Scott Lilienfeld, Professor of Psychology at Emory College did a study on microaggressions that found there's no evidence that such things lead to any harm.
Haskell suggests that when there is an accusation of something like 'mental harm' or 'unsafe places' that if you ask for the evidence which proves harm, there is none. This is what universities are supposed to do. A scientific analysis to find proof. Not follow one specific Marxist ideology to the grave.
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The Postmodernist Connection, Part 2
When Haskell brings up a quote from a textbook, "Race Class and Gender," it brings the conversation back to Peterson's views on postmodernism:
...objectivity as found through rational thought is a western and masculine concept that we will challenge throughout this text...
Peterson says this is what the SJW's have been saying since the 1970's. The idea that all forms of hierarchy are for power. "Objectivity as found through rational thought" is an idea at the top of a hierarchy with things like subjectivity underneath it. That claim, that objectivity is above subjectivity is one made for power. This is what postmodernism became under thinkers like Jacques Derrida, according to Jordan Peterson.
He says it leads to things like autoethnography, in which journals and self-reflection are treated as qualitative research. Opinions become science because you can not assume that something like the scientific method holds superiority.
The world is a battleground of hierarchies, there is nothing outside of that. Ideas are vying for power. People are vying to be the oppressor rather than the oppressed. When you see a professor claim that "mathematics is whiteness" you're seeing this in action. The prevailing theories of math are battling for power in a hierarchical system... according to postmodernists.
It was white people who came up with the facts of math that we know about today, so they hold the power within that hierarchy.
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Playing the Game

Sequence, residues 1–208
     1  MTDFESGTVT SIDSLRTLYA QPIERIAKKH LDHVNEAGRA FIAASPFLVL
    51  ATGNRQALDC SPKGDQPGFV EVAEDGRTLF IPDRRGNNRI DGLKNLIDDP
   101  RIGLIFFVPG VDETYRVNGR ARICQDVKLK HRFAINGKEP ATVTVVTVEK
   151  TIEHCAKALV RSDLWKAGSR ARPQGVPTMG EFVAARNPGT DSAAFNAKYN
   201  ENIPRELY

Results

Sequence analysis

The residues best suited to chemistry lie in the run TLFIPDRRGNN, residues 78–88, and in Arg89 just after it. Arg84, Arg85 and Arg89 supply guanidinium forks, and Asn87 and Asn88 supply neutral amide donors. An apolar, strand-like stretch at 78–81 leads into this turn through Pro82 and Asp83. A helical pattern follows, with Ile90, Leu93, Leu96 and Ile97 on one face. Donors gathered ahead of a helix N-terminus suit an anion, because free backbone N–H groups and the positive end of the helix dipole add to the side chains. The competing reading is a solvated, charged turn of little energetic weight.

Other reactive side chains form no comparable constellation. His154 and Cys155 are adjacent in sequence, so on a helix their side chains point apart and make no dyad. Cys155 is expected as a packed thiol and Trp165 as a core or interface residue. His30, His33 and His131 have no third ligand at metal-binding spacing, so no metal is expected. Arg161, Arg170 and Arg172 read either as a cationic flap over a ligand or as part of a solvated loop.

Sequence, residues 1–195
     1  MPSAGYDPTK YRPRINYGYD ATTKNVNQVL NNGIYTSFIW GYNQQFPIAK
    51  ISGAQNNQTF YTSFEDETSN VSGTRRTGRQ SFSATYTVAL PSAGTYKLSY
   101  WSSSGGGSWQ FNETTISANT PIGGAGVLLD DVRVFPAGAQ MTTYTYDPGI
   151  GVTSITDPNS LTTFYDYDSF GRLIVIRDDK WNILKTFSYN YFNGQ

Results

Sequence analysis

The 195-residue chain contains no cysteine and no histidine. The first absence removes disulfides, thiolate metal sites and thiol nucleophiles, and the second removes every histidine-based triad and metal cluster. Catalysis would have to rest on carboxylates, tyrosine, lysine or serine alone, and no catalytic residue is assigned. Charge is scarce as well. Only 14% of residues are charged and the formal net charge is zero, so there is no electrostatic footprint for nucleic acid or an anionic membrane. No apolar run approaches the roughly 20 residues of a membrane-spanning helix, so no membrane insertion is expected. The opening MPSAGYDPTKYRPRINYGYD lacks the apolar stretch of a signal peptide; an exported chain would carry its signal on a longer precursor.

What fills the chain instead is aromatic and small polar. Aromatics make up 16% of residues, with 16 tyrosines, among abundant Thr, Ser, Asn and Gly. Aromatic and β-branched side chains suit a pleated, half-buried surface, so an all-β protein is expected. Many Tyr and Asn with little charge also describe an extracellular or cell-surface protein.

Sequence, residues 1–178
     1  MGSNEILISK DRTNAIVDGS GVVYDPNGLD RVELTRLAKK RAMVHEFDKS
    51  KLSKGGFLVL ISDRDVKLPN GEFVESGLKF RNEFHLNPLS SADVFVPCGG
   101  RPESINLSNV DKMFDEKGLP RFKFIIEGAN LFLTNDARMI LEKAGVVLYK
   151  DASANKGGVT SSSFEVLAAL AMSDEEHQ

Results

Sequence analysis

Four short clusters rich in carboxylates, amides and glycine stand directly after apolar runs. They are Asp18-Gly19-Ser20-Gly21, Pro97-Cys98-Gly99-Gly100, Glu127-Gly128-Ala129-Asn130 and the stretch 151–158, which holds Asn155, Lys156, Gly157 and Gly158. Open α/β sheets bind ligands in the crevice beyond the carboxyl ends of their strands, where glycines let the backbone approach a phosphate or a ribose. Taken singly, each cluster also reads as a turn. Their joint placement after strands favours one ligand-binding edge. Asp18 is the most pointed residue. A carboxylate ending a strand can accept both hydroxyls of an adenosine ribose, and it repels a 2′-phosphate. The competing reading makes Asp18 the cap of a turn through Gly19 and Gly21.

Haskell brings up the point that rules among SJW's such as you can't be racist towards a dominant group, and that racial slights against white people are not racial slights. These rules give ammunition to the right. The real white supremacists and real racists who are looking for those exact kind of comments to justify their own behavior.
Peterson says that the extreme right is playing the same game as the extreme left. For the left, if the goal is to burn the whole system down, it's beneficial to inflame the people most likely to do it, the alt-right. Inflaming the right is the goal of the radical left. It makes the alt-right the enemy of the public and allows the left to invert their imagined hierarchy.
The radical left thinks that white supremacy and patriarchy reigns supreme in western society. The goal is to expose them and to flip the hierarchy of power to put themselves on top. Everyone is either 'oppressed' or 'oppressor.' If they can get enough people to join the oppressed, the oppressed becomes the oppressor.
When Universities and postmodernists talk about 'free speech' it has come to mean free speech for those who don't have power within the postmodernist worldview. And those who do hold power should be completely silenced. Hence the move to silence Shepherd for showing a TVO debate clip.